As long as they abide by the other elements of this not-so-modest proposal, a public investment in the Big 3 should turn profitable within the decade as Americans (and the rest of the world) come back to attractive, affordable, and fuel-efficient American cars.

Have I been over the top?  Perhaps… But really saving the auto industry will not be accomplished through bland half-measures.

[where: Washington, DC]

Driving off a cliff

U.S. auto sales drove off of a cliff in November.

The numbers from Autodata show that the industry as a whole is down almost 37% from last November, and GM and Chrysler are especially hurting, with sales down 41% and 47%, respectively.  Toyota fared better than the industry average, but still lost a third of its sales from last year.

Industry sales have been down all year, but the November numbers were especially shocking. 

In this post, we'll look deeper into the numbers to see what they say about the industry and what they say about the market.

Cars and Trucks
One of the things that jumps out about the sales figures is just how dependent the Big 3 are on truck NovTruckSales
sales.  Combined, the Detroit automakers derive two-thirds of their sales from light trucks.  Chrysler sells three times as many trucks as it does cars. 

Toyota, Honda, and Nissan get most of their sales from cars.  In fact, I was surprised to see that the "Japan 3" sell more cars in the U.S. than the Detroit 3.  Toyota has the largest share (21%) of cars in the U.S. market.

So when gas prices topped $4 per gallon earlier this year, the sales of gas-guzzling trucks fell off dramatically.  Because of their dependence on trucks, Detroit suffered far more than the Japanese and European automakers.

Essentially, customers shifted their purchase patterns to cars when gasoline prices became a burden, and that helped Japan at the expense of Detroit.

November was different
But what happened in November was fundamentally different from what happened earlier in 2008.  In November, car sales and truck sales both declined at about the same rate.  The truck / car differences we described above disappeared (along with $4 gas).  In November, all of the automakers were hit pretty hard.

So what is going on?

November is different because customers stopped buying vehicles, regardless of whether they were a truck or a car

In most of 2008 vehicle purchasing decisions were affected by fuel economy — and the market shifted to buying cars from buying trucks.  In October and November, purchasing decisions were affected by the overall economy — and vehicle buyers disappeared. 

All of this has amounted to a fatal one-two punch for Detroit.  Wobbled by disappearing truck sales when gas prices were high, the knockout punch for the Big 3 came when the overall market dried up.  While the economic downturn has hit all of the automakers, Detroit has crumpled under the weight of its legacy burdens.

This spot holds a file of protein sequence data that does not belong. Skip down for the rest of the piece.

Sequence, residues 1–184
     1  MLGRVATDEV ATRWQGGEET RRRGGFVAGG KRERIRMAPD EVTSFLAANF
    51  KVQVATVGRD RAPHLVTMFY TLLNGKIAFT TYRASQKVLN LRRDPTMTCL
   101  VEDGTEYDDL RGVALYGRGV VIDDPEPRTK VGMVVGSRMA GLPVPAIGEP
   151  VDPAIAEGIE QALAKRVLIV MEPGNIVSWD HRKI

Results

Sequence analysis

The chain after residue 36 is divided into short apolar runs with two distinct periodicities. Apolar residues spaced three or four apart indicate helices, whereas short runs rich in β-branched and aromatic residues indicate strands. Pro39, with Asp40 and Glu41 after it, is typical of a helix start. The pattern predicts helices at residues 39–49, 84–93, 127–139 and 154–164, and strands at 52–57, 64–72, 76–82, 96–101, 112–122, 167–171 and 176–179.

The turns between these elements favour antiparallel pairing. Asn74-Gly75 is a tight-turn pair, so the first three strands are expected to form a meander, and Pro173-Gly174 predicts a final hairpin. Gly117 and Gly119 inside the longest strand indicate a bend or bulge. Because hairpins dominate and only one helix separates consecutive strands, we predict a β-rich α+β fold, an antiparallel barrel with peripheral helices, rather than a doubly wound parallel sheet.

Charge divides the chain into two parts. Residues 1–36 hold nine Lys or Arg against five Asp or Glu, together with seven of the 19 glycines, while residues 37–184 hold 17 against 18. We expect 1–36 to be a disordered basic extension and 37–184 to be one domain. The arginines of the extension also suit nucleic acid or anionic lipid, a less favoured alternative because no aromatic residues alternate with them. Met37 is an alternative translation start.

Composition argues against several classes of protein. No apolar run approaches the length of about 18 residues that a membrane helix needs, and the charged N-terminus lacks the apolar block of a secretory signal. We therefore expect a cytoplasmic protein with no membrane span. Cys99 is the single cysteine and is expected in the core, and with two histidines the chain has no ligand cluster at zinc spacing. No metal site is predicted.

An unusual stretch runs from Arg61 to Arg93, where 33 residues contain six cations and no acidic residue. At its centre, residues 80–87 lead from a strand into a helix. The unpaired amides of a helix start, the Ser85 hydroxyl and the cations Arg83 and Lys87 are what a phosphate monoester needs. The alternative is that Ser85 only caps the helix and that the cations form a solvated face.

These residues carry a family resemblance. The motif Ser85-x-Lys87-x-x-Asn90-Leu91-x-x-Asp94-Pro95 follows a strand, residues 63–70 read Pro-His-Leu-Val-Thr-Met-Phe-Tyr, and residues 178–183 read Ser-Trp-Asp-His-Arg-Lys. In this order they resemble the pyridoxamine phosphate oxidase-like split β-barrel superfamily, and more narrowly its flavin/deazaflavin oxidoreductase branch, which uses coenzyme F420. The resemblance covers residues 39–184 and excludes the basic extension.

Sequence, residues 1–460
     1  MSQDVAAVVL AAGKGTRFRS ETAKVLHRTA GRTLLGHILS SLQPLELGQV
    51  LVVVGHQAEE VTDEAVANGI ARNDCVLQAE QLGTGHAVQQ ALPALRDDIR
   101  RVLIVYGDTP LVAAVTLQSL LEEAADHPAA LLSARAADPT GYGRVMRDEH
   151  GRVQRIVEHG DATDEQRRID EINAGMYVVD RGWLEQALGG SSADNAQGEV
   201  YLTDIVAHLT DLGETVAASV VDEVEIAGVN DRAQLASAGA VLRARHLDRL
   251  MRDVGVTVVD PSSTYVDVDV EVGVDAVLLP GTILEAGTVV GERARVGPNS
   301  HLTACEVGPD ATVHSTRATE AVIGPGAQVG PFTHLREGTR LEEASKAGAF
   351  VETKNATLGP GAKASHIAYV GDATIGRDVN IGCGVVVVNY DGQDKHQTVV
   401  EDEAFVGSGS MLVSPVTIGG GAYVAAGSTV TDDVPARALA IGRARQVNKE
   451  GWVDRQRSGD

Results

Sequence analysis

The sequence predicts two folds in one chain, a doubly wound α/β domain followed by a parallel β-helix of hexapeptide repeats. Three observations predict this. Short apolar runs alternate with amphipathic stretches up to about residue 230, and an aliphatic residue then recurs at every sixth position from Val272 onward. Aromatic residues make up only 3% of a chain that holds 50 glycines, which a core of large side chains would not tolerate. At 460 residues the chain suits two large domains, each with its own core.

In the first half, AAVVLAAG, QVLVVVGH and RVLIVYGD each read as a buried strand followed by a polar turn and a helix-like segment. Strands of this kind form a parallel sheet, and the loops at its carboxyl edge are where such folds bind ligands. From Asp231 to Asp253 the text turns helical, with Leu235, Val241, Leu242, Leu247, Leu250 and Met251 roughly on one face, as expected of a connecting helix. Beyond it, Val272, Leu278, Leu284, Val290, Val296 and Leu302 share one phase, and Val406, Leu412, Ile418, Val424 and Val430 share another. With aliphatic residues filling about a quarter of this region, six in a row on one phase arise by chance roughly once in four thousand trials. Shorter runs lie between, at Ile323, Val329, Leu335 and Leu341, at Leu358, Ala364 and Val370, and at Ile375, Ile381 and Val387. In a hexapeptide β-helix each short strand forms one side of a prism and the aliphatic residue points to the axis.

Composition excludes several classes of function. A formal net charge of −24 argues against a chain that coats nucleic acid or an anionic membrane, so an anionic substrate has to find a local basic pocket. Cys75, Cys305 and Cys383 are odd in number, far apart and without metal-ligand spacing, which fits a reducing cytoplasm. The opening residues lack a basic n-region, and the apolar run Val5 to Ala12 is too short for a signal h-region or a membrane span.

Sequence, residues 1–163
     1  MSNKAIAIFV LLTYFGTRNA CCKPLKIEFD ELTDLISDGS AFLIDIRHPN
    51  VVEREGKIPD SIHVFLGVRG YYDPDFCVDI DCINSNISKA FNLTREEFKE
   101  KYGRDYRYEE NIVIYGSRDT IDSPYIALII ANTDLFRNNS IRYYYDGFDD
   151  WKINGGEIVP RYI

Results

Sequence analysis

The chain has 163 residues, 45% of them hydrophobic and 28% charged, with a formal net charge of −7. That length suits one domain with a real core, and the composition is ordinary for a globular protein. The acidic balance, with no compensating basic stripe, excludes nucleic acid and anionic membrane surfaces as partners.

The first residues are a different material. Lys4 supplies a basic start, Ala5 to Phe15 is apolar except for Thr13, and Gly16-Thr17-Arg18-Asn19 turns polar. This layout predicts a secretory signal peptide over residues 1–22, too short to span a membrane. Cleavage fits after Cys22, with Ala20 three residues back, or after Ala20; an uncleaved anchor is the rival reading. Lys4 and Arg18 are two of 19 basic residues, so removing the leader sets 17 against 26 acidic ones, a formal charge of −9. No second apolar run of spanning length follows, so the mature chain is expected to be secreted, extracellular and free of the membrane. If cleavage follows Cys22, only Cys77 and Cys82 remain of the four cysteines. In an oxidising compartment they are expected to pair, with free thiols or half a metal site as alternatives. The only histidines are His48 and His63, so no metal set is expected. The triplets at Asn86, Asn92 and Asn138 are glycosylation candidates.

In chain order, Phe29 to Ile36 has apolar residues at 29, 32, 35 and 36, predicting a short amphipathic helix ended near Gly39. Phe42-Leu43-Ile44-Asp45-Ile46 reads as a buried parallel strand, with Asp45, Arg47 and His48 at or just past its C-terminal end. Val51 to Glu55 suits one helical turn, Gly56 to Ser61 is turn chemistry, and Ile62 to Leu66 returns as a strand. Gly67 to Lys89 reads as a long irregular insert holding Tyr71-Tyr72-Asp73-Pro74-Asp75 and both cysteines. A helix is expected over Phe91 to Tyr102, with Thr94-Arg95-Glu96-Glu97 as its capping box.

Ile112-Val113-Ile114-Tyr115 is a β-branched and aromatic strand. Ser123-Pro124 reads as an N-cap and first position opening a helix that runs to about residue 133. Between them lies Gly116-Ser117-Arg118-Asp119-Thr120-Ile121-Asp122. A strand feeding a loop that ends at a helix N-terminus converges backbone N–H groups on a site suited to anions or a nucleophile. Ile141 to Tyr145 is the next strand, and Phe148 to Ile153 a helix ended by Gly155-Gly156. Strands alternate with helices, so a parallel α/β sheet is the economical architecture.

As the Big 3 executives go back to Washington (this time driving hybrids instead of riding in company jets) to ask for emergency funds, I'm still wondering: What will change?

The Big 3: Thoughts on a bailout

No matter how far you've gone down the wrong road, turn back.  (Turkish Proverb)

In my last post, I chronicled what I think has caused the collapse of the American auto industry: heavy retiree costs; poor timing; and the current economic slump.

As auto executives went to Capitol Hill with hat in hand (after stepping off of their private jets), the question of the day is: Should we bail out the auto industry?  I'll outline my thoughts on that issue here, and would be interested in what you think.

I feel that I pay taxes to contribute to the general well-being of the community, state, and nation (which, ultimately, will pay me back).  My hope is that those tax dollars are allocated to the beneficial initiatives that one person or business cannot afford alone: things like roads and infrastructure, national defense, police and fire protection, and the like. 

I also hope that some dollars are dedicated to the cooperative "moonshot" projects that make our country, community, and industry great.  These include things as grand as the Marshall Plan to rebuild Europe after World War II or actually going to the moon in the Apollo missions, as well as more pedestrian initiatives like DARPA (the defense research agency which spawned the internet and many other technology advancements) and SEMATECH (the government-sponsored semiconductor industry consortium which helped build huge international advantage for companies like Intel and AMD).

So is bailing out the auto industry (and its suppliers and all of their employees) worthy of such "moonshot" status?  I think that it is… IF…  It is in the national interest to preserve the domestic automakers.  The ripple-effects of the collapse of these companies, the loss of so many jobs, and the subsequent social and economic ramifications could push the overall economy into a state of depression.


While I think that preserving the American auto industry is a potentially noble pursuit (worthy of my tax dollars) and I think that it could contribute to the well-being of my country and community, I haven't heard a plan to preserve the industry

I don't think a bailout is warranted until 3 basic questions are answered: